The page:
Jump to content

Archived

This topic is now archived and is closed to further replies.

Mighty Curelom

Book of Moses VS Book of Abraham

Recommended Posts

Soon after JS finished translating the Book of Mormon, he recieved a series of revelations regarding the original creation account depicted in Genesis. These revelations, called the Book of Moses, came about while JS was attempting to correct mistranslations and flaws in the Bible.

Several years later, in 1835, JS came upon the Abraham papyri, which he set about translating. As luck would have it, the Book of Abraham also contained a version of the Genesis creation account. There is, however, a key difference between the inspired Book of Moses creation account and the Book of Abraham creation account.

The Book of Moses refers to God as a singular personage while the Book of Abraham refers to Gods, plural. For example-

BoM-"And I, God, said: Let there be light; and there was light."

BoA-"And they (the Gods) said; let there be light, and there was light."

In each instance where the Book of Moses refers to a singular God, the Book of Abraham replaces that wording with Gods. Where the BoM says "He", the BoA says "they", and so on.

What is the apologetic response to this discrepancy? If the Book of Moses was inspired, why doesn't it emphasize the idea of multiple gods as the Book of Abraham does?

Share this post


Link to post
The Book of Moses refers to God as a singular personage while the Book of Abraham refers to Gods, plural.  For example-

BoM-"And I, God, said: Let there be light; and there was light."

BoA-"And they (the Gods) said; let there be light, and there was light."

In each instance where the Book of Moses refers to a singular God, the Book of Abraham replaces that wording with Gods.  Where the BoM says "He", the BoA says "they", and so on.

Don't mean to be critical, MC, but it seems to me that this post demonstrates your unfamiliarity with the nature of revelation.

JS knew something when he wrote the BoM, but when he wrote the BoA, he knew much more. Line upon line, etc. Both were 'true', true to what he knew (had revealed to him) at the time. No problem.

Enjoy the robustness that was Joseph.

HiJolly

Share this post


Link to post

BoM-"And I, God, said: Let there be light; and there was light."

BoA-"And they (the Gods) said; let there be light, and there was light."

The Book of Moses follows the Genesis text in the Old Testament. The Hebrew for 'God' in Genesis is actually the plural form. So the Book of Abraham correctly addresses the plural. Technically, Joseph Smith could have corrected every instance of the Hebrew plural form in the Bible, which would be a fair task. The depiction of 'God' in the OT certainly can be confusing, caused by translation inconsistencies over the years and different schools of thought on the role of God. Since Moses wrote the Book of Moses and Genesis, perhaps Joseph was maintaining consistency. As for Abraham, as a different author, he may have wanted it worded the way we see it.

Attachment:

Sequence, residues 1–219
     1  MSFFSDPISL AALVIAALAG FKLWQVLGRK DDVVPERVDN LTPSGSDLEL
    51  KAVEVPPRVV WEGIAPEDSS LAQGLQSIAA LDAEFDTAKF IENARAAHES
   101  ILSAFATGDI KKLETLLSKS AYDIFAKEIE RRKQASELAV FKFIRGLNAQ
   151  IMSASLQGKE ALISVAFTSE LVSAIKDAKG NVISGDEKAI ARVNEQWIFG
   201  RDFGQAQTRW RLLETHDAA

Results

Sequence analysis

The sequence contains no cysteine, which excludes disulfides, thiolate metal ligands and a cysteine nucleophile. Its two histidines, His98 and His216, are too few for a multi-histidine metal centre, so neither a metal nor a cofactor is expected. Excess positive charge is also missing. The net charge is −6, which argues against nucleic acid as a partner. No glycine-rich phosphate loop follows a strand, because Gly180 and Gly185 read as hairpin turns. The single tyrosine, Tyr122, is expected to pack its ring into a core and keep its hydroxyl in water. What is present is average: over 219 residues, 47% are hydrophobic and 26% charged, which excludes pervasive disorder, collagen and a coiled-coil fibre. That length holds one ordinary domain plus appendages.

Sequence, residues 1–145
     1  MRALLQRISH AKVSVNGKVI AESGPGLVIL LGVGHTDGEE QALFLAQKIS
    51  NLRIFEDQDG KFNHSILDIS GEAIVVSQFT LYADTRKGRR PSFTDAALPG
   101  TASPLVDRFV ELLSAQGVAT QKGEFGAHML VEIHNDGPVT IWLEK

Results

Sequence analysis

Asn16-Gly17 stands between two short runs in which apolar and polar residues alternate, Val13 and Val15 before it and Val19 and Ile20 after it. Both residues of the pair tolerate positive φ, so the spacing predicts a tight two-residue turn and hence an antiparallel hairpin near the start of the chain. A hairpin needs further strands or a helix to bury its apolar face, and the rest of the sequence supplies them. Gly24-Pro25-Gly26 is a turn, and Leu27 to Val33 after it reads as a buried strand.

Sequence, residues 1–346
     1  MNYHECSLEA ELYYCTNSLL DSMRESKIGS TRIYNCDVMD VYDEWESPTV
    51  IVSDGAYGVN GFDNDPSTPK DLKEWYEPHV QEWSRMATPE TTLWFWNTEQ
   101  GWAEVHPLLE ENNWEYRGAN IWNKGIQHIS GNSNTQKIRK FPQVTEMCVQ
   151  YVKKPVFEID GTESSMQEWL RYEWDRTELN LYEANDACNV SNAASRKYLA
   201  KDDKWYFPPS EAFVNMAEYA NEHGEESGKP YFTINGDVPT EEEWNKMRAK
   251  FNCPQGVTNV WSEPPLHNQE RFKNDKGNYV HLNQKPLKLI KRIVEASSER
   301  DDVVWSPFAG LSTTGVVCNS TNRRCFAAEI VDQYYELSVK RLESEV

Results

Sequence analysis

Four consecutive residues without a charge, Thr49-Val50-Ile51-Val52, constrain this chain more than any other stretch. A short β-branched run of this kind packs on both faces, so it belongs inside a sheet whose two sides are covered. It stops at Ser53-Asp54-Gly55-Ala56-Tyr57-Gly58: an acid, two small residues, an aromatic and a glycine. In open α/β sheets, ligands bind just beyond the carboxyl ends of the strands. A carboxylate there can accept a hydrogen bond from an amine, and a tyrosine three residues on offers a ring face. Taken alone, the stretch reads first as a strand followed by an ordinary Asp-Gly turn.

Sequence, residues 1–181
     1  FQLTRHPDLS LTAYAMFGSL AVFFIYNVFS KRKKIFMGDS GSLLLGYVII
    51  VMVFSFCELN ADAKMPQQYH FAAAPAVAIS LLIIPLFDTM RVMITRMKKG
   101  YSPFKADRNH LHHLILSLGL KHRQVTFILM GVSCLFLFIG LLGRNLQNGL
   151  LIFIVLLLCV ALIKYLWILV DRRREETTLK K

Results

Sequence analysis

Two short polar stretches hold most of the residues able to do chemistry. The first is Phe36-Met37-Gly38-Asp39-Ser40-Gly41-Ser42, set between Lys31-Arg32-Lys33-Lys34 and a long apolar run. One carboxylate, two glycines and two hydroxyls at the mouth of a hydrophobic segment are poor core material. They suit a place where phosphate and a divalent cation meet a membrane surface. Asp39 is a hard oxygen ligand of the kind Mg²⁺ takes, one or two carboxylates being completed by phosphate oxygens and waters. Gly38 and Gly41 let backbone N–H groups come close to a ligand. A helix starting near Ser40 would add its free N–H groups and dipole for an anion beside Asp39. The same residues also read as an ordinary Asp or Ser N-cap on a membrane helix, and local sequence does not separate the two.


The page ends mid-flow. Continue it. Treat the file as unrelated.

It all boils down to the same meaning, just phrased differently.

Share this post


Link to post

I'm confused about this too. Did Abraham have a better or different understanding of the godhead than Moses? Maybe Abraham viewed the gods as a pantheon, with his god as the supreme one. I think I've heard that before.

Share this post


Link to post

Try studying the entire Book of Moses rather than selective reading.

Moses 2:1

1 AND it came to pass that the Lord spake unto Moses, saying: Behold, I reveal unto you concerning this heaven, and this earth; write the words which I speak. I am the Beginning and the End, the Almighty God; by mine Only Begotten I created these things; yea, in the beginning I hcreated the heaven, and the earth upon which thou standest.

Moses 2:26

26 And I, God, said unto mine Only Begotten, which was with me from the bbeginning: Let us make man in our image, after our likeness; and it was so. And I, God, said: Let them have dominion over the fishes of the sea, and over the fowl of the air, and over the cattle, and over all the earth, and over every creeping thing that creepeth upon the earth.

Share this post


Link to post
Try studying the entire Book of Moses rather than selective reading.

I like your response better than mine.

HiJolly

Share this post


Link to post

I think that Abraham was looking at the creation from a totally different POV. As I read the BofA, it seems to me that Abraham focused more on the pre-mortal world and the involvement of the Grand Council in the creation, while Moses tended to focus mainly on the involvement of the Father and His Son in the creation.

I say "I built this house."